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Alberta NDP to name new leader to replace Rachel Notley Saturday

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In less than 24 hours, the Alberta NDP is expected to name its new leader.

Four candidates are running to lead the largest official opposition party in our province's history. The race saw the party grow by more than five times its size, within four months.

"This is far beyond my expectations," former Calgary mayor Naheed Nenshi said.

The last candidate to enter the bid, but first to garner national attention to the race, Nenshi says he was shocked to see the growth of the Alberta NDP and the excitement he felt from members to "do politics better."

For first term NDP MLA Jodi Calahoo Stonehouse, that means focusing on the environment.

NDP leadership issues

When asked about her top priorities in an interview with CTV News Edmonton outside the Alberta legislature this week, Calahoo Stonehouse remarked, "Water, first and foremost." The only Indigenous candidate running to lead the party is focused on climate and resources.

"Water was a primary focus. Second to that is resources protecting our economy, and then thirdly, our children. They are our most precious resource. We must invest in them," Calahoo Stonehouse said.

"We need to build an economy that gives more to the middle class and to those who have less," former Justice Minister and Calgary MLA Kathleen Ganley said.

Ganley says her focus is on sharing a "left-wing" perspective on the economy and making life more affordable.

"An economy that works for everyone. Making sure people can sort of afford the basics and a couple of little extras," Ganley told CTV News Edmonton.

Former Deputy Premier and Edmonton MLA Sarah Hoffman has three top priorities.

"The vast majority of Albertans want to talk about health care, climate and housing and want to see bold solutions to help address these crises," Hoffman said.

Speaking with CTV News in a park in her riding of Edmonton-Glenora, Hoffman said the party doesn't need a new brand or a new face.

"I am not new, which I think actually lets people know that I am here for a good time, but also for a long time," Hoffman joked.

As the only non-MLA candidate vying to lead the party, Nenshi promises not to jeopardize its core values, adding it's "about a new burst of energy and fresh eyes to think about how we can indeed do even better and take government in 2027."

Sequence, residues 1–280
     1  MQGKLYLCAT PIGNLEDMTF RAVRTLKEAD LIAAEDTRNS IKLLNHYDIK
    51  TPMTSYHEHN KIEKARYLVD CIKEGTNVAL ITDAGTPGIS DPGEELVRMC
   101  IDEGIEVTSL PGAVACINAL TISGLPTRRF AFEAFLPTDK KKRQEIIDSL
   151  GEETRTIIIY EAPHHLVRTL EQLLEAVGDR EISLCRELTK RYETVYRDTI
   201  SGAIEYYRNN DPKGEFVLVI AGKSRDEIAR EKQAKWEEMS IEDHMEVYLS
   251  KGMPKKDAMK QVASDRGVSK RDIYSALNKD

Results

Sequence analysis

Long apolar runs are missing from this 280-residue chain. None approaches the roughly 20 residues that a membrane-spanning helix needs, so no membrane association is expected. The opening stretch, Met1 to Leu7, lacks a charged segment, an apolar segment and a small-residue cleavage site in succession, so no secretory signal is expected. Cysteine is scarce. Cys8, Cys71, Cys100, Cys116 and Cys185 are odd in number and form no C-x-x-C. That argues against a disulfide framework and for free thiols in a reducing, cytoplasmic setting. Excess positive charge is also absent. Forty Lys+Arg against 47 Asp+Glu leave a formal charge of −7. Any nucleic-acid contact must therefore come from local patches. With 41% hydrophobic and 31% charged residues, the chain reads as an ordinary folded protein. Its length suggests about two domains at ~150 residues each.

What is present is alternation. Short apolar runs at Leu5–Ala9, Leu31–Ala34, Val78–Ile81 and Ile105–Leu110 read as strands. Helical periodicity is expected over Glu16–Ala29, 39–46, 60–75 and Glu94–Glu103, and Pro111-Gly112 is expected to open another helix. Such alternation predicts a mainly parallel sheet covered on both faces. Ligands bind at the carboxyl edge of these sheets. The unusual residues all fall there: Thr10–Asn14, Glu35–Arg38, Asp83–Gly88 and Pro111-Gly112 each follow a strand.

Nenshi says the number one thing he heard from Albertans during the campaign was concerns about confidence, honesty and ethics lacking in the current UCP government. Speaking of his former classmate Danielle Smith, the former mayor said, "We've known each other 30 years, but I think it's fair to say the person who is governing as premier right now is not only not the person I grew up with, it's not even the person who was in the Wildrose when I first became mayor."

Nenshi's sights are on winning in 2027 and taking down Smith, a goal the party's executive director supports.

"My message to Danielle Smith is, 'You are on notice, because Albertans are looking for change,'" NDP Executive Director Garett Spelliscy said.

NDP growth

Speaking with CTV News from the Alberta NDP head office in downtown Edmonton, Spelliscy gave insight into the party's recent growth. As of the NDP membership deadline of April 22, the party had 85,144 active members. In December, the party had 16,224 members.

"That probably makes us one of the largest provincial political parties in Canada," Spelliscy said.

Spelliscy is optimistic that growth translates into a high voter turnout.

"Hoping to get over 80 per cent participation and just really shows that people are excited about this race," Spelliscy said.

As of Friday morning, 68,718 -- or 80 per cent -- of votes had been cast.

Speaking to CTV News outside a hotel in downtown Calgary, outgoing Alberta NDP leader Rachel Notley had this advice for her successor: "The views and the priorities of Albertans must be our 'north star.' And so, always do everything you can to find all the different ways to hear what matters to people."

The party plans to name its new leader Saturday afternoon in Calgary.